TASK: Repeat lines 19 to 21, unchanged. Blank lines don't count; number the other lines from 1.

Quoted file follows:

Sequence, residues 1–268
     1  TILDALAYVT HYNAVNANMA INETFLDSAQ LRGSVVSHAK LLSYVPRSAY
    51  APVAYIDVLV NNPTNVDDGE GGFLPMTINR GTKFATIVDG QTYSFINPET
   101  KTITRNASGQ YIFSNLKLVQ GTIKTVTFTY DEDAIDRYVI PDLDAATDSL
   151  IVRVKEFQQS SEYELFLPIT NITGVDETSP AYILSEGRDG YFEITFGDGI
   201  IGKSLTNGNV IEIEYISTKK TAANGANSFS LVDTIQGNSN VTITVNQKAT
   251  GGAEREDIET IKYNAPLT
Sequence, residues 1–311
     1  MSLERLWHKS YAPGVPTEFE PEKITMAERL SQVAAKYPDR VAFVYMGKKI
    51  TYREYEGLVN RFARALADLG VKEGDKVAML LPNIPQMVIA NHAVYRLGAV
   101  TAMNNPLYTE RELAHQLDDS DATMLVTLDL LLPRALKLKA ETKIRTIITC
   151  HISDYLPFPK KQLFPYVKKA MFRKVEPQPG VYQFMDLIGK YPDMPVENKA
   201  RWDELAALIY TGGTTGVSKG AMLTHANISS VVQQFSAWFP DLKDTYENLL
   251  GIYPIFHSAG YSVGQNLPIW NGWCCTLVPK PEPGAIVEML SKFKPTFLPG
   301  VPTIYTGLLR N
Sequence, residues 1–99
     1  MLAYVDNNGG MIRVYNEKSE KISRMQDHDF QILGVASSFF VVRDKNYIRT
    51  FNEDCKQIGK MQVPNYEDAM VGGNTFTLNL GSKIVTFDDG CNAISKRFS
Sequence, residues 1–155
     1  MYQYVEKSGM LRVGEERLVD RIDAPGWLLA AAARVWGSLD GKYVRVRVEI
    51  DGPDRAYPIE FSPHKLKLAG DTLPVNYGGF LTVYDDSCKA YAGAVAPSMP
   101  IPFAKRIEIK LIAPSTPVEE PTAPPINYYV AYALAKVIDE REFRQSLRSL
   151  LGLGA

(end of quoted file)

Sequence, residues 1–155
     1  MYQYVEKSGM LRVGEERLVD RIDAPGWLLA AAARVWGSLD GKYVRVRVEI
    51  DGPDRAYPIE FSPHKLKLAG DTLPVNYGGF LTVYDDSCKA YAGAVAPSMP